If you’ve been running a production line for a long time, you probably understand how dangerous inertia can be. When an assembly line is first being designed, so much thought goes into planning out the most efficient systems for producing high-quality products in as cost effective a way possible; but as time passes, it requires real intention to make sure that the best new technology is being incorporated.
This is especially true in the case of coordinate measuring machines (CMMs). While they provide the backbone of many quality control procedures, because they are often seen to fulfill a fairly straightforward function — measuring recently produced parts to ensure they match design specifications — many production line designers are not aware of just how many new developments there have been in recent years.
People who do not actively follow developments in metrology may not realize that great strides in creating more integrated and responsive production lines have been made due to new advancements in the world of CMMs. If you want to make sure your production line is working as efficiently as possible, you should check out the latest CMM machine and software information to learn how improvements in metrology can put your production line ahead of the competition.
For example, one of the biggest advancements in 2017 was the release of PolyWorks Inspector, a new software that expands CMM capabilities and makes it easier than ever before for CMMs to network automatically with other machines in the production line. A point cloud inspection software, PolyWorks uses digital datasets for prototype parts to quickly identify errors, and can conduct random sample tests and provide approval of assembled products through an automated process. But its high level analysis also allows it to fix problems at earlier stages in the production line, which makes it an important software to use if you want to create a more integrated production line.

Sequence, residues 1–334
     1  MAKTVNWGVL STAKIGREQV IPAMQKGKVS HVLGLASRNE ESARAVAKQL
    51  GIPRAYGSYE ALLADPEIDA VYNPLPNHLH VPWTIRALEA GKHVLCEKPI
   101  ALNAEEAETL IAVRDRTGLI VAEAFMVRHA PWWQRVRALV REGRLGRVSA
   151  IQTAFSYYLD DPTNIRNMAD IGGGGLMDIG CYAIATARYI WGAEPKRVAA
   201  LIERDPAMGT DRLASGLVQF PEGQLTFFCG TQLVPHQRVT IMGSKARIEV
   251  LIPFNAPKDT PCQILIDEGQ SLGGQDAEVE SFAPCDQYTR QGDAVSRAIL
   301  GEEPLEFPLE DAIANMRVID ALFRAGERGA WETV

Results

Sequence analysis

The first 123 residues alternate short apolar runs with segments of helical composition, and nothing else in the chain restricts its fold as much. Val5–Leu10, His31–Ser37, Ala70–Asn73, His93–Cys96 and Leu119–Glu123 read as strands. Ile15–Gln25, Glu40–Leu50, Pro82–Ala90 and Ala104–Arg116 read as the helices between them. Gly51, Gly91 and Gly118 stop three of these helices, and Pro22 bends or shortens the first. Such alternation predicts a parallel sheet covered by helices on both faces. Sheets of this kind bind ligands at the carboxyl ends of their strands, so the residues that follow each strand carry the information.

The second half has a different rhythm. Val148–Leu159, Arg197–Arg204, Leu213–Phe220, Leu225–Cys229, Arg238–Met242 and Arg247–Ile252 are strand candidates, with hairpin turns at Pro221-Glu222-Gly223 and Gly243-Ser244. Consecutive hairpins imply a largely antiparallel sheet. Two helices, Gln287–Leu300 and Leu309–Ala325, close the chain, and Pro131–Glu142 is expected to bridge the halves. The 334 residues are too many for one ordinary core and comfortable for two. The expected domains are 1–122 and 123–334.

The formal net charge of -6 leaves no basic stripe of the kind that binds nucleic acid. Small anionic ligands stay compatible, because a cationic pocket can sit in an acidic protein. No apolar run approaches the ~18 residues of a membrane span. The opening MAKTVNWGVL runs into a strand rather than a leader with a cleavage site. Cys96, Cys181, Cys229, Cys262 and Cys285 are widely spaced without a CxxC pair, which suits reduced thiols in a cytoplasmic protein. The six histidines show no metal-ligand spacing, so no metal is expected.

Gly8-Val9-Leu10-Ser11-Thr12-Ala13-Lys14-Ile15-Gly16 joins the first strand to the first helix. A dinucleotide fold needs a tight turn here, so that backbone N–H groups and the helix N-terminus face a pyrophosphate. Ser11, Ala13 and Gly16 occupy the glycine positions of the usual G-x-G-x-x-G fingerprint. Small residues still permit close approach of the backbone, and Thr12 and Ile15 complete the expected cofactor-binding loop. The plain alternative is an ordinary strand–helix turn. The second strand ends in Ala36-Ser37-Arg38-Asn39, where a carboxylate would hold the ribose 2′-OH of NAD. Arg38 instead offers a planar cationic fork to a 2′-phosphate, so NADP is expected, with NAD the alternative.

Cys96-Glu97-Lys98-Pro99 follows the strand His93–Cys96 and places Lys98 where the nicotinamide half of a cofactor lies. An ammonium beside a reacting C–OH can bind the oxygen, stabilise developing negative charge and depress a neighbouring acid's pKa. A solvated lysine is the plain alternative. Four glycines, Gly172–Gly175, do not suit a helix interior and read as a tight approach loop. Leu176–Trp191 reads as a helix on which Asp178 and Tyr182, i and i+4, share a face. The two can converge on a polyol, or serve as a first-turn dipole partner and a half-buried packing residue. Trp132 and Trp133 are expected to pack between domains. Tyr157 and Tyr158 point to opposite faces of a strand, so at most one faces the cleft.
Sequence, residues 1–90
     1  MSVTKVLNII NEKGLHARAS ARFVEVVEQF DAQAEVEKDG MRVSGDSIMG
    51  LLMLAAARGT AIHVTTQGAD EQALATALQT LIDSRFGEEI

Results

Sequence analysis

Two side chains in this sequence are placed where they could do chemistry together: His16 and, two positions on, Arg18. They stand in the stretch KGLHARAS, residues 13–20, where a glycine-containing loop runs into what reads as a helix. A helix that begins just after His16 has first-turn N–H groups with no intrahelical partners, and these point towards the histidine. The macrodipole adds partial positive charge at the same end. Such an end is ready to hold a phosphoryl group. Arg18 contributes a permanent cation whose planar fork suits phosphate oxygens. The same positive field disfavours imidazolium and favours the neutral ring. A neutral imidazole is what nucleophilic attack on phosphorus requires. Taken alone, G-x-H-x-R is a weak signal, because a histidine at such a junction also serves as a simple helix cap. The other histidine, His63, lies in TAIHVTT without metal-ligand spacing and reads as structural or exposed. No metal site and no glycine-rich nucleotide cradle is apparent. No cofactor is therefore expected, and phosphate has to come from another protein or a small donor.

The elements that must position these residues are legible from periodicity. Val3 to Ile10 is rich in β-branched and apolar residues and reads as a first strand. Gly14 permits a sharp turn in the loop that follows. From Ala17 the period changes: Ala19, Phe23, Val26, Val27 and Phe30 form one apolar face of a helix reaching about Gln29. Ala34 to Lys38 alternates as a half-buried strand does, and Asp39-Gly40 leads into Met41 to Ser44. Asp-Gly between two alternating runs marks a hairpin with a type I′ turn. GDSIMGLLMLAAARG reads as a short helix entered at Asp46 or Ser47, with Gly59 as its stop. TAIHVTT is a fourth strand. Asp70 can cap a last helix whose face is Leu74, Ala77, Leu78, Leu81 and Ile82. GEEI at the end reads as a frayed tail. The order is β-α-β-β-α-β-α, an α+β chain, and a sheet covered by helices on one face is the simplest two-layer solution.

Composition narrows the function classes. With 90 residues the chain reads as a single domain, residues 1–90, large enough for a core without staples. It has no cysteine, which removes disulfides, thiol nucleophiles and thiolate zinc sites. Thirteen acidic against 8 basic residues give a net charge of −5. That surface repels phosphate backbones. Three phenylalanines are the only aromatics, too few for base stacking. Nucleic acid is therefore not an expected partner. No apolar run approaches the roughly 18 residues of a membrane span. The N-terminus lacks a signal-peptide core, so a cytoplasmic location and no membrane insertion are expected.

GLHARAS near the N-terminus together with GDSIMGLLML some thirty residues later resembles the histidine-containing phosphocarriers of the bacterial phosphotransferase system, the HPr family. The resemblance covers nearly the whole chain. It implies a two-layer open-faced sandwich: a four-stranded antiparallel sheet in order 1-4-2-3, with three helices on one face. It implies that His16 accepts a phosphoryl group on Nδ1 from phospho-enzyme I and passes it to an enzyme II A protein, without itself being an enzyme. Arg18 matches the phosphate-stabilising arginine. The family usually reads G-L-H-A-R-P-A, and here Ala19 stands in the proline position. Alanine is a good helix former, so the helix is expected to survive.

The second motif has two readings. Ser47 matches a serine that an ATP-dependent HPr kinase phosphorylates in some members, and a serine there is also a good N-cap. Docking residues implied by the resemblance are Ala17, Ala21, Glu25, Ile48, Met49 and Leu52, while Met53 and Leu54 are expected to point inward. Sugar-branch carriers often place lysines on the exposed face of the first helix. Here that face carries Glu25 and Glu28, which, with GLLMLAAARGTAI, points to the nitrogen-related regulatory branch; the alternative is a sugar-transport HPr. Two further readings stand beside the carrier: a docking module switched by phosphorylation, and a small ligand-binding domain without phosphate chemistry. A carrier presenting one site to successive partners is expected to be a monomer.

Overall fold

Perhaps most importantly, PolyWorks Inspector makes it possible for CMMs to monitor wear and tear upstream in the manufacturing process by tracking degradation of tools, thus allowing CMMs to alert of potential problems before they can introduce serious errors into parts or products.
All evidence suggests that we are in the middle of another major technological shift. As with previous industrial upheavals, there will be big winners and big losers, and the winners will be those who are able to comprehend the creative potential of new technologies and new ways of producing the goods people need. If automation is the future of manufacturing, the companies that are able to automate fastest will be best placed to reap the benefits.
In a business as competitive, labour intensive, and reliant on technology as manufacturing, the advantage will always go to the company that is constantly evolving to keep up with the most groundbreaking innovations. With production lines becoming ever more integrated, and CMMs playing a major role in the automation of quality control and maintenance, ensuring that your CMMs are running software that maximizes their capacities is vitally important.